2) In the meanwhile, over medium heat, in medium-size saucepan, heat up olive oil, sautee the garlic for 1 minute, add olives, capers, anchovies, continue cooking for about 5-7 minutes. Stir occasionally. Add the crushed tomatoes, tomato sauce and pepper flakes. Bring to a quick boil, simmer on low for 15-20 minutes. Serve it over spaghetti.Cook’s note: If pasta is done before the sauce, just drain it well and drizzle some olive oil on it to prevent clumping.If you love all these ingredients, you will savor this delicious meal. I recently made it with cod fish over polenta, and it came out scrumptious. Check out my blogpost:  Baccala Mantecato to learn how to desalt the cod fish.

    Wine Pairing Suggestions: Ideally, I recommend the red Lacryma Christi from the slopes of Mount Vesuvius in Campania, Italy. However, it can be challenging finding this varietal. My next suggestions would be a Primitivo from the Puglia region or a Nero N’Avola from Sicily. Whatever your choice, with or without wine, you will enjoy this punchy pasta (if you like all the ingredients).  Buon Appetito!

    Warning: This dish has a high sodium content

    Disclosure: I did not get compensated for the products that I used
    Recipe developed by: Gina Martino Zarcadoolas for Foodiewinelover
    Photos by Gina Martino Zarcadoolas for Foodiewinelover

    Happy Cooking from my Kitchen to yours,
    Gina Martino Zarcadoolas, aka Foodiewinelover
    My Food, Wine & Travel Lifestyles
    WSET-Level 2 Wine Connoisseur
    Culinary and Global Cuisines Aficionado

    Spaghetti alla Puttanesca

Gina’s Delicious Pork Chops in Tomato Sauce over Pasta

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If you love pork chops but never had them in tomato sauce, you are in for a treat. I use the thin pork loin chops and a variety of tomatoes such as canned San Marzano whole, strained and chopped tomatoes, and a jar of my favorite meatless sauce.

Gina's Delicious Pork Chops in Tomato Sauce over Pasta
Gina’s Delicious Pork Chops in Tomato Sauce over Pasta

Serves: 6-8 Level of difficulty: Easy-Medium
Allow 2.5 hours from start to finish – This recipe can easily be divided in half but why would you want to do that when the leftovers taste even better!

Gina's Delicious Pork Chops in Tomato Sauce over Pasta
Gina’s Delicious Pork Chops in Tomato Sauce over Pasta


Ingredients: 

  • 4 lbs. pork loin chops, thinly sliced
  • 1/2 cup olive oil + more if needed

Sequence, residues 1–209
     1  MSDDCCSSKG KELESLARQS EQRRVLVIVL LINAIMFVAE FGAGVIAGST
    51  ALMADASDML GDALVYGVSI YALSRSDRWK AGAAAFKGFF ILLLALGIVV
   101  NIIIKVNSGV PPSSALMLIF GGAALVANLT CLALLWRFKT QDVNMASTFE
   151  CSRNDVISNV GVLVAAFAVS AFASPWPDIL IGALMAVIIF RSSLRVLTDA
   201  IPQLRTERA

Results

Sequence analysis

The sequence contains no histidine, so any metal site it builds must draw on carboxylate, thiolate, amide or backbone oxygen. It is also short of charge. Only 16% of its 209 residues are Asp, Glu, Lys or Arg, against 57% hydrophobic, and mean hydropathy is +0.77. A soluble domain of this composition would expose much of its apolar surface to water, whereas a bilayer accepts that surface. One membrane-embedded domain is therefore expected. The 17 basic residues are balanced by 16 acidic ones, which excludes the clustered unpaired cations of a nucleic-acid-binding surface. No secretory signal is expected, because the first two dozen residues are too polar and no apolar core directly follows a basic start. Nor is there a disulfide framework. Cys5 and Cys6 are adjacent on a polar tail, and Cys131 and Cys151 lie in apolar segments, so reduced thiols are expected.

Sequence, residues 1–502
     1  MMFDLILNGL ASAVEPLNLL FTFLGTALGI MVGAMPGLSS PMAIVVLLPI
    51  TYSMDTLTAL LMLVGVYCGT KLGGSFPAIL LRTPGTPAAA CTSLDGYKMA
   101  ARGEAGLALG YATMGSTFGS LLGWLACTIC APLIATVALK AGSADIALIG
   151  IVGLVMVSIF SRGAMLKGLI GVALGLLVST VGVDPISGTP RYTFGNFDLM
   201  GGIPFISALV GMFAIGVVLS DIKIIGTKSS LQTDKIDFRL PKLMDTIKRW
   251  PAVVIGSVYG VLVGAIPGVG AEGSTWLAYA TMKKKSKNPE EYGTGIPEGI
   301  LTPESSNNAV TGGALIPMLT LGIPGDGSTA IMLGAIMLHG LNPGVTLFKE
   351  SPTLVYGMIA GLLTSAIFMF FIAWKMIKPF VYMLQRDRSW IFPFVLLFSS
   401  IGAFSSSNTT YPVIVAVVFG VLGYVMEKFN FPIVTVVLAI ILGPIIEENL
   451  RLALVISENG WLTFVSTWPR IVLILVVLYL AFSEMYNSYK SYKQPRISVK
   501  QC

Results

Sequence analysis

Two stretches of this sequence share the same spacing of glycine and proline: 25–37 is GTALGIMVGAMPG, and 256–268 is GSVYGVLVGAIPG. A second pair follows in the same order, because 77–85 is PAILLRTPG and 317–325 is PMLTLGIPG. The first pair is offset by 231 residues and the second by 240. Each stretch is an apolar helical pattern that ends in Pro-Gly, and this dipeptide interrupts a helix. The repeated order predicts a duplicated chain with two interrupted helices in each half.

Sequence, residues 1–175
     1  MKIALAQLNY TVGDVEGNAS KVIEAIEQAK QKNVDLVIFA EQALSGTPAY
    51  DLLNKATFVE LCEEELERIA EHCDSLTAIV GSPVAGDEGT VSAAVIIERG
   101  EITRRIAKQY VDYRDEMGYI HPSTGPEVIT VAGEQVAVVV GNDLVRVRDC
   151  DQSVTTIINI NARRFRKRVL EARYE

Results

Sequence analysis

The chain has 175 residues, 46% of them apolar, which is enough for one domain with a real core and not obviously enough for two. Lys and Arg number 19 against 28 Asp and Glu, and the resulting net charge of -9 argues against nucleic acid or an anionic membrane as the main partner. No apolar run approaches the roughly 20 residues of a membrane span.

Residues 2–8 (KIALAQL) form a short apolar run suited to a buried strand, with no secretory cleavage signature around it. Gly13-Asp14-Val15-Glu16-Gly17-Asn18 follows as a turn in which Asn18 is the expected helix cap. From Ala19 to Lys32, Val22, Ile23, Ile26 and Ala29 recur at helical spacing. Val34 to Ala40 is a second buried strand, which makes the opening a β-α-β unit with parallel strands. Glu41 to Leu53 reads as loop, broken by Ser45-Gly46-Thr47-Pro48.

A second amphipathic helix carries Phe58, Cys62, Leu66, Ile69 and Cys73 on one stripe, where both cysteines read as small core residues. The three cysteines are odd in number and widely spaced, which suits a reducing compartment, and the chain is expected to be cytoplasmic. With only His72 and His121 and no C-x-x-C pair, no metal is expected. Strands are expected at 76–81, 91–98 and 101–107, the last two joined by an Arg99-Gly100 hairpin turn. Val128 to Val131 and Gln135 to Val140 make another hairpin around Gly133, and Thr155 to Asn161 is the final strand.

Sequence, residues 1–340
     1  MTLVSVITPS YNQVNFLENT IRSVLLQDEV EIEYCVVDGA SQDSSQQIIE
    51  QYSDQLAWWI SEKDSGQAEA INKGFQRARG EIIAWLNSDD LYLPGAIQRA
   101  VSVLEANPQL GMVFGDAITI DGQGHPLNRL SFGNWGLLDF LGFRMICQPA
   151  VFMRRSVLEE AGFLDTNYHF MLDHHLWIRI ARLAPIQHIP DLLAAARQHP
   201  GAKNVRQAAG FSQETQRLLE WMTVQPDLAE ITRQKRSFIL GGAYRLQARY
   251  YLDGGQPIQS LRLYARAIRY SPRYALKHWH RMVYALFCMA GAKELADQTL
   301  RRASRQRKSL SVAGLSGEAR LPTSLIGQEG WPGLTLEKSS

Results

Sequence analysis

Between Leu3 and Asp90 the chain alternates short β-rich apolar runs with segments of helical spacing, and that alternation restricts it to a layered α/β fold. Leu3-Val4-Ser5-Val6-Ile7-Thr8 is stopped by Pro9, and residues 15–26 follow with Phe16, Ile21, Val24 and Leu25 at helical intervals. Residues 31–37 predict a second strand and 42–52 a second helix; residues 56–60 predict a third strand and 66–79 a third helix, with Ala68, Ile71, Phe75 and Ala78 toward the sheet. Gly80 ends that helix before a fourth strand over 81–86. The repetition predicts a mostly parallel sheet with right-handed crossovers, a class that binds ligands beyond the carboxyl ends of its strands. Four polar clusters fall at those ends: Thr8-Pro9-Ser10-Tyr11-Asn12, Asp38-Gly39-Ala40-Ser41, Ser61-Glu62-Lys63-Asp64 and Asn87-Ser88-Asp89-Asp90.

• Sea salt to taste
  • Freshly ground pepper
  • 2 tsp. tomato paste
  • 6 garlic cloves, chopped
  • 1 -26.46 oz. container strained tomatoes (Pomi brand)
  • 1 – 26.46 oz. container chopped tomatoes (Pomi brand)
  • 1 – 28 oz. can San Marzano tomatoes, whole, crushed by hand
  • 1 jar of Mid’s meatless tomato sauce (32 oz) or any of your choice
  • Garlic powder to taste, optional
  • 1.5 lb. spaghetti or any pasta shape of your choice
  • Pecorino Romano or Parmigiano Reggiano (Parmesan) cheese, grated or shaved
  • Flat-leave Italian parsley for garnish

    Preparation:

    1) Season the pork chops on both sides with salt and pepper. In a large heavy- bottom pot, on medium-high heat, heat 1/4 cup olive oil. Sear the pork chops about 3-4 minutes on each side. Remove them. Add more oil if necessary. Do this in 2 batches. Set aside.
    2) Add more oil to pot, saute’ the garlic. Add the tomato paste, stir until it’s nicely caramelized. Add all the tomatoes. Season the sauce with salt, black pepper and garlic powder. Add the pork chops to the sauce, bring to a boil. Lower the flame, and simmer on low heat for about 1.5 -2 hours covered with lid-tilted. Stir occasionally to avoid it from sticking to the bottom of the pot. The sauce will become very thick and rich in flavors. This dish tastes even better the next day.
    3) While the sauce is simmering, bring water to a boil, and cook pasta according to package directions. Drain well.
    4) Place the pasta in a large mixing bowl and pour some of the sauce over it. Mix well until every strand of pasta is covered with the sauce. Put it in a serving bowl. Arrange the pork chops on a platter. There will be plenty of sauce left for those who like extra sauce. Don’t forget the cheese and garnish with parsley. Your guests will be wowed by the richness of this dish, and will ask for seconds.
    My wine pairing suggestions: I recommend a nice Chianti, Rosso or Montepulciano d’Abruzzo. Of course, the choice is always yours.

    Cook’s notes: 1) Use whatever brand of sauce you like. If you feel the sauce is too watery, uncover it toward the end to let it reduce.
    Disclosure: I did not get monetary compensation for these products.
    Warning: There may be small bones in the sauce. Please let your guest or loved ones know.

    Gina’s Delicious Pork Chops in Tomato Sauce over Pasta

     

    Recipe developed by Gina Martino Zarcadoolas for Foodiewinelover LLC
    Photos by Gina Martino Zarcadoolas for Foodiewinelover LLC
    All rights reserved 2017

    Happy Cooking from My Kitchen to Yours,

Gina aka Foodiewinelover
My Food, Wine & Travel Lifestyles